When rams 60 and 68 are fully extended, the wing boom 20 is in the fully extended position, as illustrated in FIG. 2. However, when the rams 60 and 68 are retracted, the wing boom 20 is pulled inwardly toward the hitch boom 18 about pin 48 and eventually adjacent the hitch boom as shown in FIG. 3. More particularly, the rams 60 and 68 are retracted simultaneously until ram 68 is fully retracted. Ram 68 draws the outer link member 34 inward toward the inner boom 50 as the outer link member 34 is able to pivot relative to the inner link member 32 at knuckle 36. The ram 68 draws the outer link member 34 until the knuckle 36 abuts against the inner boom 50. With the knuckle 36 abutting the inner boom 50, the ram 60 continues to retract until the booms are adjacent and generally parallel to the hitch 12. As will be explained in greater detail below, the wheels 26, 28 rotate under the wing boom 20 when the wing boom 20 is being moved to its retracted position to provide clearance for seed units mounted to the wing boom 20. Thus, as the wing boom 20 is elevated by the wheels 26, 28 rotating under the wing boom 20, the rear end of the hitch boom 18 is elevated relative to the hitch 12 of the tractor 14. As a result, the hitch boom 18 is angled downwardly toward the hitch 12. The near vertical pin 46 is angled in such a way that as the wing boom 20 swings ahead, the angling of the wing boom 20 causes the outer end of the wing boom 20 to angle up relative to the hitch 12. So, while the telescoping hitch boom 18 angles downward, the booms are level and aligned, as illustrated in FIG. 3. This is particularly advantageous for transportation and shipping purposes.

As shown in FIG. 3, when the planter 10 is in the transport position, the draft link 30 is folded alongside the hitch boom 18 and wing boom 20 is folded ahead. The draft link 30 is connected to the hitch assembly 38 rather than connecting the telescoping hitch 12 to the hitch boom 18 because there will motion in the inner boom relative to the center boom as undulating terrain is encountered in transport. As such terrain is encountered, there will be small changes in the position and the draft link 30 will shift slightly from front to back. When this occurs, crank 70 will oscillate relative to pin 72.

With additional reference to FIGS. 4-6, a wing boom retainer 74 is mounted to the hitch boom 18 and includes a vertical post 76 and a retainer plate 78 that defines a U-shaped channel 80 sized to receive and hold boom plate 82 mounted to the wing boom 20, and in particular, a wheel mount assembly 84 to which wheel 28 is coupled by a wheel standard 86. The retainer plate 78 is designed to retain the boom plate 82 adjacent the post 76 but allow limited vertical and lateral movement of the wing boom 20 during transport. In this regard, locking of the wing boom 20 is not solely controlled by the boom folding actuators 57 and 64.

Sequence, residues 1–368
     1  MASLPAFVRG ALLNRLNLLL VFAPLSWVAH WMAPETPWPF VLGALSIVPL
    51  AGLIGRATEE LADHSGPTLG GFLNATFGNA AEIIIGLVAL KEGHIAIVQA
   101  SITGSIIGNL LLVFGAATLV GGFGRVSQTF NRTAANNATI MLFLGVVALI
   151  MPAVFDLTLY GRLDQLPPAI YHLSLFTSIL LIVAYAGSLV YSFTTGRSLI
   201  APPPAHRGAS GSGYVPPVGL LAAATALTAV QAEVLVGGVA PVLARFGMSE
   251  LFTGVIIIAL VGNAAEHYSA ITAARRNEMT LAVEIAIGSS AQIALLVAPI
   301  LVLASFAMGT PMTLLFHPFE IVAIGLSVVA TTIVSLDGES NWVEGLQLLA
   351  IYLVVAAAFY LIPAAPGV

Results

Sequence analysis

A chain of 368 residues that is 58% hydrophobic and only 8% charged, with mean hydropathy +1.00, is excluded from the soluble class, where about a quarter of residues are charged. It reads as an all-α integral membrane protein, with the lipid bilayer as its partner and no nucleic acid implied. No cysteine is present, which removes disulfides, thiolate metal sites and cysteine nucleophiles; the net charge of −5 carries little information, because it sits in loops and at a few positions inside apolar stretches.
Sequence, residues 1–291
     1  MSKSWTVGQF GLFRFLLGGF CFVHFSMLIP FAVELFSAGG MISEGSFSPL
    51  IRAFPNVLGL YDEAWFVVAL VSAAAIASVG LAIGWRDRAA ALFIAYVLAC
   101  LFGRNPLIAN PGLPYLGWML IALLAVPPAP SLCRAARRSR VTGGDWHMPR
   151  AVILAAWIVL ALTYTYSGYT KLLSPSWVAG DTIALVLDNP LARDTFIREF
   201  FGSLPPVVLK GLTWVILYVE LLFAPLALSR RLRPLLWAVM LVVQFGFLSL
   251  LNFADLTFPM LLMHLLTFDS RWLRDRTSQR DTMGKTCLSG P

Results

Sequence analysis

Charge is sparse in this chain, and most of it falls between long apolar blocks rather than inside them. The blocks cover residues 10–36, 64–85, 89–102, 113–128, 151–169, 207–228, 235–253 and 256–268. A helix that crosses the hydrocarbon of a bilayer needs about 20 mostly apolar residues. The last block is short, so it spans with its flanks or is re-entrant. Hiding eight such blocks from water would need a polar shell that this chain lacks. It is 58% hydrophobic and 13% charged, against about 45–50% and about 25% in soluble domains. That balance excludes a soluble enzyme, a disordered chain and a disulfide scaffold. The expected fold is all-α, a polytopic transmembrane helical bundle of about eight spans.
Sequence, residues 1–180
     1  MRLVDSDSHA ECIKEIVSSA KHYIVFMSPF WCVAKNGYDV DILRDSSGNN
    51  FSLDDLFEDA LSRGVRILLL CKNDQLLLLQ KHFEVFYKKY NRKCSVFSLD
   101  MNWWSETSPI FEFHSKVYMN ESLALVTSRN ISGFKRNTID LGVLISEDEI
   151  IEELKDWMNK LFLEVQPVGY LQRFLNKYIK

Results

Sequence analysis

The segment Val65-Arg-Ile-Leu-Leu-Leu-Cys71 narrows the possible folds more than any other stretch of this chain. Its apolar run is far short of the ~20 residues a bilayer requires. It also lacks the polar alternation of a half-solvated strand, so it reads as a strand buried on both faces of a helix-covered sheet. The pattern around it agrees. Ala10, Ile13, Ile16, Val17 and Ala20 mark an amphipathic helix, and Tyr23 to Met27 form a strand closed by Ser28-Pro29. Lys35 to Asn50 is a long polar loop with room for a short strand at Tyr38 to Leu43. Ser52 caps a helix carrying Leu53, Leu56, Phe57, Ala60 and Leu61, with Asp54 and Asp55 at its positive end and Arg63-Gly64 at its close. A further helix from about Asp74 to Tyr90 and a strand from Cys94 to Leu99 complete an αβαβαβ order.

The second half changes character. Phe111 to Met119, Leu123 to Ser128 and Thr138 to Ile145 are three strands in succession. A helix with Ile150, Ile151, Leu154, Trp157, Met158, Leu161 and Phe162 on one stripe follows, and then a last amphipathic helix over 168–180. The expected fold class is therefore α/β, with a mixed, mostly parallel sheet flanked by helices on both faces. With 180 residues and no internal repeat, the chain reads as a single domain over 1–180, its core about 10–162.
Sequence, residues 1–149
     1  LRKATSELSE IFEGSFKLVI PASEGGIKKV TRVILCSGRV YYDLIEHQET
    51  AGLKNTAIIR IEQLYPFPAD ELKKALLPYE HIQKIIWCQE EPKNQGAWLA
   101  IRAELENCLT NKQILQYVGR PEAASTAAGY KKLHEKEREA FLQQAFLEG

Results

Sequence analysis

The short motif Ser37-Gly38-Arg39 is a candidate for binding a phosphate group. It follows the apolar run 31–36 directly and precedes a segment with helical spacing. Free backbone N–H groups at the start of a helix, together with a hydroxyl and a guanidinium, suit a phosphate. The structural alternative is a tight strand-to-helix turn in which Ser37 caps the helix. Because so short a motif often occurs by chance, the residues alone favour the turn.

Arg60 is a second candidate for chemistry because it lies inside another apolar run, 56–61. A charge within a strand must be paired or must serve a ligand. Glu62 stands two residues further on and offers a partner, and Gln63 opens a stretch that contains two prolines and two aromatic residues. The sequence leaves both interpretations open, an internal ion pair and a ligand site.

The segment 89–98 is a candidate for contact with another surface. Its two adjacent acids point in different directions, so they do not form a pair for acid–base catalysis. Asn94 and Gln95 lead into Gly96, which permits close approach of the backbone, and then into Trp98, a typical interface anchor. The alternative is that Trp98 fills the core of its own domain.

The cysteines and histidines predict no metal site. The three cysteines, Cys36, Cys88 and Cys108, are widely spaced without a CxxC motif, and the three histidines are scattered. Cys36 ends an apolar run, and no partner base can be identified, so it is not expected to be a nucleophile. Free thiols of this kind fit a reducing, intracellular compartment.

The U-shaped retainer 78 is journalled at pin 88 to the hitch boom 18 and fore of post 76. A hydraulic actuator 90 is mounted to the hitch boom 18 with pin 92 and the retainer 78 at pin 94 such that when the actuator 90 is extended the retainer 78 is pushed forward to envelop post 76 and plate 82, as illustrated in FIGS. 4-5. When actuator 90 is retracted, the retainer 78 is pulled forward and away from the post, as illustrated in FIG. 6. Thus, when the wing boom 20 is folded forward, actuator 90 is retracted until the boom plate 82 is generally flat against the post 76. The actuator 90 is then extended to push the retainer 78 rearward to capture the post 76 and the boom plate 82.

As referenced above and with additional reference to FIGS. 7-8, a draft link 30 generally comprised of an inner link member 32 and an outer link member 34 connected between the hitch boom 18 and the wing boom 20. The inner link member 32 and the outer link member 34 are connected to one another by a knuckle 36 that allows the outer link member 34 to pivot or fold forward relative to the inner link member 32 when the actuator 64 draws the outer link member 34 toward the wing boom 20. In this regard, one end of the outer link member 34 is connected to the knuckle 36 and the opposite end of the link member 34 is pinned to the wing boom at pin 96. In a similar fashion, actuator 64 includes a cylinder 66 connected to the wing boom at pin 98 and a ram 68 linked with cylinder 66 and connected to the outer link member 34 at pin 100.

Thus, when the wing boom 20 is in the working position, shown in FIG. 2, actuators 57 and 64 are in the fully extended position. When the wing boom is to be placed into the transport position, both actuators are retracted thereby causing the outer link member 34 to pivot forward and the wing boom 20 to pivot forward. The actuator 64 will retract until the knuckle 36 is against the wing boom 20, as shown in FIG. 8. Thereafter, the actuator 57 will continue to retract causing further folding of the wing boom 20 and the outer link member 34 until the transport position, shown in FIG. 3, is reached.